Prisoners they might be, but the detainees at notorious detention camp Guantanamo Bay have created beautiful artworks that are currently being exhibited at the President’s Gallery at the John Jay College of Criminal Justice, New York in a show entitled ‘Ode to the Sea.’
But who owns the artwork? The government or the artist when the artist is a prisoner without rights. The exhibition became noticed by the U.S. military who have now suspended the transport of art for display out of the prison.
Co-curator of the exhibition, Erin Thompson, noted how “I did this show to try and help people see that detainees are human beings and give detainees another way to think about themselves: as artists. The authorities saw it as a risk and just slammed shut that possibility.” Artsy reports.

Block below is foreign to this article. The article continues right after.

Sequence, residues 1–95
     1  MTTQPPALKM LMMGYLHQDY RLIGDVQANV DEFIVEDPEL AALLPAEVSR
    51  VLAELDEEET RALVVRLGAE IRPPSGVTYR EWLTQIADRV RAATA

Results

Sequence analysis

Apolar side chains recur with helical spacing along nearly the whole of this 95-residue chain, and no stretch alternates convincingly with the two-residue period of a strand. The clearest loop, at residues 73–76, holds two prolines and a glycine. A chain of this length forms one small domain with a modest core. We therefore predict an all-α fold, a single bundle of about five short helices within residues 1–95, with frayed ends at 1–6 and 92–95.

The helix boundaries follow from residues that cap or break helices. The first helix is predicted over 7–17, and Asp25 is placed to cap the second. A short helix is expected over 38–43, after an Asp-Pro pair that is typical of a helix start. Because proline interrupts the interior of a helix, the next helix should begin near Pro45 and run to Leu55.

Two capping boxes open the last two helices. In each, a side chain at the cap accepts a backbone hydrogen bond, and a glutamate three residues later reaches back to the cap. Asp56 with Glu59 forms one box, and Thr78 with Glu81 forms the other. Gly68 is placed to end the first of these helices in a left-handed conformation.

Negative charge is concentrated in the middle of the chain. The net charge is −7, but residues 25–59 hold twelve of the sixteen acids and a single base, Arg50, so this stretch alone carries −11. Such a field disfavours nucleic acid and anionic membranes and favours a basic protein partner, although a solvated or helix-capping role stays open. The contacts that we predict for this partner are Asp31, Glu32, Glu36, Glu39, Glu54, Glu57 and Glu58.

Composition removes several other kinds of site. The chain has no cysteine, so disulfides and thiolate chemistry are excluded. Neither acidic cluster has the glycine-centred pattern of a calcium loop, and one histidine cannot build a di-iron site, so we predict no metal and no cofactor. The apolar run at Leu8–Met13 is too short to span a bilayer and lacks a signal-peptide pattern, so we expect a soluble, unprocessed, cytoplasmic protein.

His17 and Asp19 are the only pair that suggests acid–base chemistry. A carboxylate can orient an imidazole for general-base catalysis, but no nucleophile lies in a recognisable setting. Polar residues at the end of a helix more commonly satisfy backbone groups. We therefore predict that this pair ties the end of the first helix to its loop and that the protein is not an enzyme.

Fears that the artwork will be burnt are high as the U.S. military are concerned over possible secret messages hidden within the works and have decided that art created by the detainees is government property. This is despite the fact that art from the camp goes through censorship and review.
It comes at a time when treatment of prisoners and living conditions are reportedly worse than ever and the art classes they receive are a way of them keeping sane and feeling human. Guantanamo Bay was created under the administration of George W. Bush in 2002 to hold anyone suspected to be involved in terrorism during the war in Afghanistan. Under Obama’s presidency, the camp saw no new detainees and had its population drop from 242 to 41.